Initiative Would Strip the Attorney General and the Legislature of Power to Write Ballot Title and Summary
An initiative awaiting an official title and summary from Attorney General Jerry Brown would transfer the job of creating ballot descriptions to the Legislative Analyst.
Brown – and the Democratic majority Legislature — has been criticized for slanting the title and summary of several ballot measures.
Consumer Watchdog claimed Brown, a likely Democratic candidate for governor, rewrote the title and summary of Proposition 17 on the June ballot to benefit Mercury Insurance which contributed $13,000 to Brown and $3.5 million to place the measure on the ballot.
The proposition would allow insurers to use driving history as a factor in calculating insurance rates, something banned by Proposition 103, a 1988 ballot measure backed by the founder of Consumer Watchdog.
The first title said the measure “allows insurance companies to increase or decrease the cost of auto insurance based on a driver’s coverage history. The second title, which came after backers of the initiative amended it reads:
“Allows auto insurance companies to base their prices in part on a driver’s history of insurance coverage.”
The second version will appear on the ballot.
“This title and summary differs from an earlier one because the substantive text of the two initiatives are different. It has nothing to do with politics,” wrote Jim Humes, Chief Deputy Attorney General, in response to Consumer Watchdog’s claims.
Sen. George Runner, a Lancaster Republican, filed a lawsuit over Brown’s title and summary of an initiative he backs requiring voters to present photo identification
Brown was also sued by backers of Proposition 8, which bans same sex marriage. They claimed his title and summary was argumentative and prejudicial. A court tossed out the complaint.
On February 3, Brown wrote a title and summary for a measure that would prohibit implementation of AB 32, the landmark greenhouse gas reduction measure until state unemployment falls below 5.5 percent for four one year.
“Suspends air pollution control laws requiring major polluters to report and reduce greenhouse gas emissions that cause global warming until unemployment drops below specified level for full year.”
The description goes on to say that, if approved, the state would “abandon implementation of comprehensive greenhouse-gas-reduction program that includes increased renewable energy and cleaner fuel requirements, and mandatory emission reporting and fee requirements for major polluters such as power plants and oil refineries, until suspension is lifted.”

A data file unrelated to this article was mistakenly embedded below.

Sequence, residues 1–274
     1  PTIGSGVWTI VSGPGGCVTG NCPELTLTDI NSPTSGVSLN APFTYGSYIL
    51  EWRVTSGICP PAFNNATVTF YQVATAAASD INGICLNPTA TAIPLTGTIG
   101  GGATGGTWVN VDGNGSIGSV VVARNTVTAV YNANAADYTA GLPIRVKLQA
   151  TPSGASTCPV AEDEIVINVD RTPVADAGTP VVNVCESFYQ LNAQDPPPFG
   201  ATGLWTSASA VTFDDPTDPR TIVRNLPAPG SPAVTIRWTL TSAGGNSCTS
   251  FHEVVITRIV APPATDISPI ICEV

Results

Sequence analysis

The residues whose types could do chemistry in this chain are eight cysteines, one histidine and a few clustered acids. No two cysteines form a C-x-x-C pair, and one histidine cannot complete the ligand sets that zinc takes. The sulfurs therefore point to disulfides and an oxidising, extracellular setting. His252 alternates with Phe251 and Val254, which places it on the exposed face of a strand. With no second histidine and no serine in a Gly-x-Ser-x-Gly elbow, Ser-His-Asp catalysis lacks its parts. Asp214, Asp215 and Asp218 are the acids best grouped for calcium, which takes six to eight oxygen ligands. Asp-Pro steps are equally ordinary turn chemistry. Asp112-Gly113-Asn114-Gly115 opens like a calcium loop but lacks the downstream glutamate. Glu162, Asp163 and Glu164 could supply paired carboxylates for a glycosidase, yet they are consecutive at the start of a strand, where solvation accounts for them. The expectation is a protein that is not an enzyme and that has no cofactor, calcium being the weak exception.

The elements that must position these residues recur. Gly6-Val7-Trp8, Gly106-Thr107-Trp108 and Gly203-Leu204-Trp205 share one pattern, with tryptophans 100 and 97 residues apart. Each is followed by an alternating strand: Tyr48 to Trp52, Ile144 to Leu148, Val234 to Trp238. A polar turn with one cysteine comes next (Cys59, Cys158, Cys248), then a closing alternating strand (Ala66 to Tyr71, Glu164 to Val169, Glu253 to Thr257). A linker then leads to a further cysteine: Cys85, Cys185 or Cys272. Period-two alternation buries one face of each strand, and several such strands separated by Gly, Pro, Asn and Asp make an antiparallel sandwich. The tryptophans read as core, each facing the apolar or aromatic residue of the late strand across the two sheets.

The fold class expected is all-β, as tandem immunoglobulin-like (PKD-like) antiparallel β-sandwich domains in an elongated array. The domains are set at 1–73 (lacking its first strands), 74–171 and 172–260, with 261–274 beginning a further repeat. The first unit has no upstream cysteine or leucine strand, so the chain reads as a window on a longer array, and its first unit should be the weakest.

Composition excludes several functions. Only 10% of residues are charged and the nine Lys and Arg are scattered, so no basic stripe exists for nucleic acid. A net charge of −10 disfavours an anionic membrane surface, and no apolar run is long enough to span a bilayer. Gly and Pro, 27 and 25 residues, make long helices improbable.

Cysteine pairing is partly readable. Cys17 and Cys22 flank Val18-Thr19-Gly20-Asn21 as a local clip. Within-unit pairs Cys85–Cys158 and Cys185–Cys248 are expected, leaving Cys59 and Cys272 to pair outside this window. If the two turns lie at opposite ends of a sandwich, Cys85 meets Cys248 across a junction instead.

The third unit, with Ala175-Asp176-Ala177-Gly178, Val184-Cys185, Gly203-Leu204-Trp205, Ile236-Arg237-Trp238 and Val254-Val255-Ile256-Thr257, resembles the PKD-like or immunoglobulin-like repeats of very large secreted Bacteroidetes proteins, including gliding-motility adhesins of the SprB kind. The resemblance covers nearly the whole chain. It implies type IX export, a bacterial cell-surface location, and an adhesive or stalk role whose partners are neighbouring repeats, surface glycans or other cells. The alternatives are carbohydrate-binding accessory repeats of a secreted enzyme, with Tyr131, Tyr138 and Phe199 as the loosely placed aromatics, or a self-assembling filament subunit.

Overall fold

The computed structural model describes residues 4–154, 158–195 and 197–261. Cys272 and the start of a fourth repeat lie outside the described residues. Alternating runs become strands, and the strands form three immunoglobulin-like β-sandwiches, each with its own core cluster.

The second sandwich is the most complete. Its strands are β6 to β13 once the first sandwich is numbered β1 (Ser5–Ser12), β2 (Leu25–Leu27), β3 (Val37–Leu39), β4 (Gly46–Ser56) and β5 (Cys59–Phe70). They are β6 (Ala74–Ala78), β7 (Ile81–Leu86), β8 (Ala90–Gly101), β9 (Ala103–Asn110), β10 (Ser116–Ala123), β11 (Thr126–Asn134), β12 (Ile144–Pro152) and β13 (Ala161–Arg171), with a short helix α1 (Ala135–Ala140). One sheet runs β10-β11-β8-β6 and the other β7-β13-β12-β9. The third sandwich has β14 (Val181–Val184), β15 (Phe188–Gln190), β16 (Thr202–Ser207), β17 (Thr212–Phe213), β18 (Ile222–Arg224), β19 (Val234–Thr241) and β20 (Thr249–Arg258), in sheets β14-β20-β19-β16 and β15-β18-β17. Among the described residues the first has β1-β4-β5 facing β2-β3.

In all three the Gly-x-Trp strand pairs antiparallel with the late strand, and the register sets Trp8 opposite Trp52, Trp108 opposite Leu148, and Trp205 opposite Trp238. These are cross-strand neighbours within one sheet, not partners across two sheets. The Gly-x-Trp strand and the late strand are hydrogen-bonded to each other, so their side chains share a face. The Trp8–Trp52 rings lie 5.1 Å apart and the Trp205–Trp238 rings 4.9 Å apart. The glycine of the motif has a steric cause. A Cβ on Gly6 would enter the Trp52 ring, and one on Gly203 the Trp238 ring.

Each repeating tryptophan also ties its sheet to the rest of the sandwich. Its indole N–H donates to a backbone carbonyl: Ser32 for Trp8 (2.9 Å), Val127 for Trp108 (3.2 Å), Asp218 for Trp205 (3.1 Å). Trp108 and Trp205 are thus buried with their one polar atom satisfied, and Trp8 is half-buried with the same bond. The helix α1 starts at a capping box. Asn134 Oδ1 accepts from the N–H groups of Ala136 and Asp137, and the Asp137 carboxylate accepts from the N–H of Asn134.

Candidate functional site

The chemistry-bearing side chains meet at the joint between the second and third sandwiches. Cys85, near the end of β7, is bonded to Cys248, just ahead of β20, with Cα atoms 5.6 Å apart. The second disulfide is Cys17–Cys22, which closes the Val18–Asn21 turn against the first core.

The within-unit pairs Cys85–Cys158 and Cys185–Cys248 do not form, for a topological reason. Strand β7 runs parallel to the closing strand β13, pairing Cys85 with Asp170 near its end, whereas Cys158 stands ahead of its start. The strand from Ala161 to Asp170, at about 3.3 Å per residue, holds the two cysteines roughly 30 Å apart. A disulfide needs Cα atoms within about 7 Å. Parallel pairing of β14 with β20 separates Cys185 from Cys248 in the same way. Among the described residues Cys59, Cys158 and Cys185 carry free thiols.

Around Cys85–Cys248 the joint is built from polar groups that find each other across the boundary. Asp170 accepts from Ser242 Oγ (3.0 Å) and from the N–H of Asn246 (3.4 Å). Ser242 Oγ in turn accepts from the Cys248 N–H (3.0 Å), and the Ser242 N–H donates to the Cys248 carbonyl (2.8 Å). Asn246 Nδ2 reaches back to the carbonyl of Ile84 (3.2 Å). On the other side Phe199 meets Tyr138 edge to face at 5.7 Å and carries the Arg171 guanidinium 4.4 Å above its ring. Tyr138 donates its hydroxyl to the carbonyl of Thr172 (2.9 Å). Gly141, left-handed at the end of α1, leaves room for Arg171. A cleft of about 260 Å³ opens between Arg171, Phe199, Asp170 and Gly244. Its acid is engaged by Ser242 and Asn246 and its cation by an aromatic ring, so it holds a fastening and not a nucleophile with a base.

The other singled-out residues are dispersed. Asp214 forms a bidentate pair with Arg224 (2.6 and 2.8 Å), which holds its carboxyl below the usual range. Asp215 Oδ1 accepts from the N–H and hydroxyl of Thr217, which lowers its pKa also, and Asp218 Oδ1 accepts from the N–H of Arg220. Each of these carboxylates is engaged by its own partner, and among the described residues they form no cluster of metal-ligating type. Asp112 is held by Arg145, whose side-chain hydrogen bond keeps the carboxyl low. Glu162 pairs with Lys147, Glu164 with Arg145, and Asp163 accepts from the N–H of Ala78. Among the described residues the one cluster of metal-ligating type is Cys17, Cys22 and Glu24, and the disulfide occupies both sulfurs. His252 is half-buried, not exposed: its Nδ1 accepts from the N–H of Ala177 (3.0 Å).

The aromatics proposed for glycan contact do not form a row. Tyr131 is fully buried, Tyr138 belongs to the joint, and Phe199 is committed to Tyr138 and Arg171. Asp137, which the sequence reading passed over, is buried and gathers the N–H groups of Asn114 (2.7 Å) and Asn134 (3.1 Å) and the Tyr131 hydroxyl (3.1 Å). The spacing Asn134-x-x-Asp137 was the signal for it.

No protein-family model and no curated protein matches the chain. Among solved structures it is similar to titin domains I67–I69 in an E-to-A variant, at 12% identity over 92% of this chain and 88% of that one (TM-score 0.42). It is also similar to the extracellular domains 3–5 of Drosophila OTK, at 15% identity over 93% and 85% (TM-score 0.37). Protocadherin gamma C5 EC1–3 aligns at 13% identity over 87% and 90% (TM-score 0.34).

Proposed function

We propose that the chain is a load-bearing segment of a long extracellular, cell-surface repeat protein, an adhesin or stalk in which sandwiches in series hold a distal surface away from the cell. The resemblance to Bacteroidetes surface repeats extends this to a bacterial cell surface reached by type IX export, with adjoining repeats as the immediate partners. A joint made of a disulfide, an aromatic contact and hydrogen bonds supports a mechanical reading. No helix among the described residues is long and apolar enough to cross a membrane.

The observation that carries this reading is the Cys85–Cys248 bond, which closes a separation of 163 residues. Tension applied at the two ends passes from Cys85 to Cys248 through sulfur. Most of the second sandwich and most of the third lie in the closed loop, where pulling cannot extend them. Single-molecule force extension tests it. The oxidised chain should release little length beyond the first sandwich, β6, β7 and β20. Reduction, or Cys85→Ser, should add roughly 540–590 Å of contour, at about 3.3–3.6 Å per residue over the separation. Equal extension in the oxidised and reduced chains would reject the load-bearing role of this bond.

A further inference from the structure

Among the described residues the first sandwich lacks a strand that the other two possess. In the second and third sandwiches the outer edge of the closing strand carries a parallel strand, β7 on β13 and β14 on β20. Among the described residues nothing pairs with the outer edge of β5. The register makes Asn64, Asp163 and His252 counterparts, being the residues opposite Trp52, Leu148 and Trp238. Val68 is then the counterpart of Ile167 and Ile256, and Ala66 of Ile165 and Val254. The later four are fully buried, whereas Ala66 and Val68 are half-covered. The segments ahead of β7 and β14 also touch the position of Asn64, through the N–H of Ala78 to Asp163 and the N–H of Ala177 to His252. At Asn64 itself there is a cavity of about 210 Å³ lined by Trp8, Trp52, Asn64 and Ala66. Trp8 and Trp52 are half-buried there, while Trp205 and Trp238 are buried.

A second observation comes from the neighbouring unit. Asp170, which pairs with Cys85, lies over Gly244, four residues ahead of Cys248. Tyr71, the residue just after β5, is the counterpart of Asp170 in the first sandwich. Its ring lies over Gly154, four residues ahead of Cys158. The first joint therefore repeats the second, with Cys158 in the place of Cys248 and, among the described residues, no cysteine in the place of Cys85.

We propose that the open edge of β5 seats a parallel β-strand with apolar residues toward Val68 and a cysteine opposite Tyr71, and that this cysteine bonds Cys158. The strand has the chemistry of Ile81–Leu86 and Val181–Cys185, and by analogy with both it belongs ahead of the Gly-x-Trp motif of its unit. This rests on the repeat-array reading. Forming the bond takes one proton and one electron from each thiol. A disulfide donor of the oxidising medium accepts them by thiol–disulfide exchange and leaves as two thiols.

One of the measure’s backers, Assemblyman Dan Logue, Chico Republican, told Capitol Weekly’s Anthony York “this looks like (Brown) handed this over to the environmental community and asked them to write this summary for them.”
In another recent title and summary of a major overhaul of the state’s budget system that includes two-year budgeting a reduction in the vote requirement from two-thirds to a simple majority Brown said in the title, which is written in bold uppercase letters, that the measure “changes state budget process in several ways.”
The Legislature also has been criticized for writing the title and summary of some measures it passes.
For example, Proposition 15 on the June ballot, a measure by Sen. Loni Hancock, an Oakland Democrat, imposes a fee on lobbyists and their employers to create a fund for public financing of candidates running for Secretary of State.
Toward the end of the measure, the bill orders the Secretary of State to use this title and summary of the proposition.
“CALIFORNIA FAIR ELECTIONS ACT. This act creates a voluntary system for candidates for Secretary of State to qualify for a public campaign grant if they agree to strict spending limits and take no private contributions. Candidates would have to qualify before receiving the grant. Candidates who demonstrate sufficient public support would receive the same amount. Participating candidates would be prohibited from raising or spending money beyond the grant. There would be strict enforcement and accountability with published reports open to the public. Funded by voluntary contributions and by a $350 annual registration fee on lobbyists, lobbying firms, and lobbyist employers.”
The initiative that would turn the task of title and summary over to the Legislative Analyst would also bolster the state’s online ballot pamphlet by adding links to the most recent campaign finance reports, websites of supporters and opponents of a ballot measure and video or audio presentations requested by the authors of the ballot arguments for and against the measure.
Received by Brown’s office January 19, it has yet to receive a title and summary.
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